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Crooked Mouth’s “Forget Not” Is a Simple Reflection of Gratitude Towards the Autumn Equinox

by Anne K. O’Neill

Support Anne by checking out her beautiful dark folk compositions as Serpentent.

There are cycles and themes in life that have been acknowledged and revered by humans for thousands of years. And there is beauty and poetry to be found within those years as they repeat in a pattern based solely on where we are in relation to the sun. This is clear in that, regardless of how much time has passed since the beginning stages of our behavioral modernity to the present, most people inevitably continue to revere the light and darkness and all that falls in between in their own respective ways—both individually and culturally—whether it’s intentional or not. One such cycle catching the attention of so many who have walked upon this rock circling around a star would be the autumnal equinox, or Mabon as some might know it. Traditionally, it has long been acknowledged as a time for harvesting, but beyond that, it was seen as a reminder that, in reality, all is ephemeral. In accepting that impermanence it was recognized as a time to value the earth’s bounty and to embrace those dearest to you. Considering this, mankind has relentlessly continued to find ways with which to honor the earth. And, of course, so much of that gratitude, so much of our story, is to be found in music. Released on September 22, 2017, one such autumnal offering would be Forget Not by Vancouver’s Crooked Mouth.

Ceremonial and ambient, “Landvaettir Summoning” draws the listener into the release with a harmonium, a singing bowl, and miscellaneous percussion that deliberately sets the atmosphere of what is to follow. The pieces then unfold with an intention that is apropos and authentic, something which I appreciate not only because having a purpose is essentially a part of the very definition of folk music itself, but it is additionally necessary for creating folk music delving into sonically darker and conceptually esoteric realms, as this release assuredly does. Considering this, Forget Not is undoubtedly dignified, standing strong outside of the sea of passionless pretense that is all too frequently sailed by bands of all genres these days. As one may expect, these songs feature the steady strums of a twelve-string guitar. To continue in the path of expectation, the compositions aren’t terribly complex either, but that’s precisely the point. Simplicity, when done properly, forms a solid foundation and provides the space for embellishments to ensue.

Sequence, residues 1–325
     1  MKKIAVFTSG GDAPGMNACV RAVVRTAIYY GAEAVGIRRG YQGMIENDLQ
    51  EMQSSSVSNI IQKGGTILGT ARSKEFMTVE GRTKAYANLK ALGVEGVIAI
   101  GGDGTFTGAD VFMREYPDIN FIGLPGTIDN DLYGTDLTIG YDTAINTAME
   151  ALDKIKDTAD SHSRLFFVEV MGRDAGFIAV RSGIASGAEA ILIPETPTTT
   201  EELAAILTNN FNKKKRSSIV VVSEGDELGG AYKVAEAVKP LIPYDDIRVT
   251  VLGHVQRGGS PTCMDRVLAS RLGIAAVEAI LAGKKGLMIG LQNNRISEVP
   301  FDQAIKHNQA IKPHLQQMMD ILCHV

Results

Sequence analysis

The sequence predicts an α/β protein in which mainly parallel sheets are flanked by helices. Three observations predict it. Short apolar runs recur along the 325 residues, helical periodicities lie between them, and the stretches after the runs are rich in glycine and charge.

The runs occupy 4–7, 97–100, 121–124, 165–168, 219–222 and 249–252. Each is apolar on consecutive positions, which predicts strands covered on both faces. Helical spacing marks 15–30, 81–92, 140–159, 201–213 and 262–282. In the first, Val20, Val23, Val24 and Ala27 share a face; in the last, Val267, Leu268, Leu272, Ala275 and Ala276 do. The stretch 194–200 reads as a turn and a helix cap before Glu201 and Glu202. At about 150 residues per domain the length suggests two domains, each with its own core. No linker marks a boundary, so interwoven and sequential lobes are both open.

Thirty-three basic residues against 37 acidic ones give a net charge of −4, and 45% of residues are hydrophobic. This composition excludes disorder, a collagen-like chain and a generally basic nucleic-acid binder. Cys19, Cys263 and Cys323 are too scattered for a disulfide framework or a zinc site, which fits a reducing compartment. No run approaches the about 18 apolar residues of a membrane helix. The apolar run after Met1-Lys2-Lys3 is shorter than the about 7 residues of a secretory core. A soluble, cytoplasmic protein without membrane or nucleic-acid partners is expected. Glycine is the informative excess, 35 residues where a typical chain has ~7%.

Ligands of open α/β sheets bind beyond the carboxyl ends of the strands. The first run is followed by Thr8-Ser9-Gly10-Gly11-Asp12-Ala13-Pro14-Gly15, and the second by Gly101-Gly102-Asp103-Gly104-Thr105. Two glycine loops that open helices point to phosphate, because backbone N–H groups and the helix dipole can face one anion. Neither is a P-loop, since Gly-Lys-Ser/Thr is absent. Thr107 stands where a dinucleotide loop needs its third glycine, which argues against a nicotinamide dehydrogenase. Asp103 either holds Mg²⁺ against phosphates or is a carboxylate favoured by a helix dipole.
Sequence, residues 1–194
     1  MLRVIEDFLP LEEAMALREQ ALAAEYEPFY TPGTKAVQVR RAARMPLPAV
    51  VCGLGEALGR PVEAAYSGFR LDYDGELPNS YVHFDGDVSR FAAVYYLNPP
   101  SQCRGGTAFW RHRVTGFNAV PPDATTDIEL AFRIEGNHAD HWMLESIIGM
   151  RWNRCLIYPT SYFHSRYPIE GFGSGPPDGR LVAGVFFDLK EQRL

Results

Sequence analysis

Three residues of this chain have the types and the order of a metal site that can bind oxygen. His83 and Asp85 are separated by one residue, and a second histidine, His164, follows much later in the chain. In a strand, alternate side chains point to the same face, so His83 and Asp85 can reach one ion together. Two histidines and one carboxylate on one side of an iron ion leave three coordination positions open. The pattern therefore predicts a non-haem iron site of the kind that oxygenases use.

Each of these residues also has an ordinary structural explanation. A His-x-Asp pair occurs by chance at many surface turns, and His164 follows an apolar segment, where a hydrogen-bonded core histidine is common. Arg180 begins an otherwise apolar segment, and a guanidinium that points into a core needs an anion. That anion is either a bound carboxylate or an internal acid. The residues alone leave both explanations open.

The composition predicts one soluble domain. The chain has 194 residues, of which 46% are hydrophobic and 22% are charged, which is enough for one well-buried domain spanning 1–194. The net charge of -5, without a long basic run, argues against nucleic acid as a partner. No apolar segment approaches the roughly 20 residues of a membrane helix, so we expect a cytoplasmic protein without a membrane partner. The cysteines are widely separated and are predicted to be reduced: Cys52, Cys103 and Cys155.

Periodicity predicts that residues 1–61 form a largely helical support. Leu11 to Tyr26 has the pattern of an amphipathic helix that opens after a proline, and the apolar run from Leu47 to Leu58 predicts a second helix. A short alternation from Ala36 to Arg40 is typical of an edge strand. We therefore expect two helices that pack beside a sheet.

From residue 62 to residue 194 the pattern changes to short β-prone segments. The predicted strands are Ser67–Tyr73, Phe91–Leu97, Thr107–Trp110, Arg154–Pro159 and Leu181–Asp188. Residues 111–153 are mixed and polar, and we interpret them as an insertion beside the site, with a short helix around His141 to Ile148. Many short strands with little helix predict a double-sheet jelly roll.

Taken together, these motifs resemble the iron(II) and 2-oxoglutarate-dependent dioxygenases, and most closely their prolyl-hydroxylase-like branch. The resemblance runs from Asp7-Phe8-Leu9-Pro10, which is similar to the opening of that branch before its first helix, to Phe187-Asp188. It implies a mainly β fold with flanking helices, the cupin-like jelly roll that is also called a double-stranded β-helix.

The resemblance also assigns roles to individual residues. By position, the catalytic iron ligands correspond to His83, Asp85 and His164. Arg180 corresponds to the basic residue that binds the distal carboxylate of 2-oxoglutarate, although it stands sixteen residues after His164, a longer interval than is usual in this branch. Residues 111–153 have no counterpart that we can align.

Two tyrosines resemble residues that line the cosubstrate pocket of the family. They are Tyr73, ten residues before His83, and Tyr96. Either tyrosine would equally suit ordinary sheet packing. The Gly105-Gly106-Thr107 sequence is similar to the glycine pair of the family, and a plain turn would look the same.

Crooked Mouth

These songs could be played on their own without accompaniment and would remain strong, but the accompaniment on this record is brilliant. Lillian Liu’s violin playing is absolutely exquisite, especially when played alongside the percussion, typically and most notably a bodhrán, as played by P. Fiess. Furthermore, this recording also features the collaborative presence of S. P. Haché of Vancouver’s Night Profound providing backing vocals and additional guitar work, thereby creating a sense of camaraderie so rarely seen or felt in more contemporary scenes, especially in the western half of North America. With that in mind, my personal favorite track, “Return to Brackendale,” is a fantastic way to end this four-song release. Following a well-done and generally true-to-the-original rendition of a Backworld song, this closing tune features the violin swirling around layers of plucked guitars, the lead melodies of which are deeply moving, especially in conjunction with Crooked Mouth’s calm, slightly melancholy tenor voice. Granted I don’t know much about Brackendale, but I know it is a small community on the northern end of Squamish, BC, and it doesn’t take much to assume it was once a place called home. I am forever a fan of music that calls attention to one’s roots, to the origins of our individual beings as well as to our collective selves. While so many of us may call different places home, we are all united in the inevitability of change, and such a song drawing this EP to a close feels perfect, particularly as most of us have gathered by now that there are no ends, only new beginnings.

For not being a full-length LP, there is a lot to be found on Forget Not. The sonic fabric is diverse throughout, though it also maintains the sort of auditory homogenization necessary to cultivate a style that allows Crooked Mouth to stand out from others playing the same variety of music. Considering this, I greatly look forward to hearing any potential future releases and/or collaborations from this band.

Crooked Mouth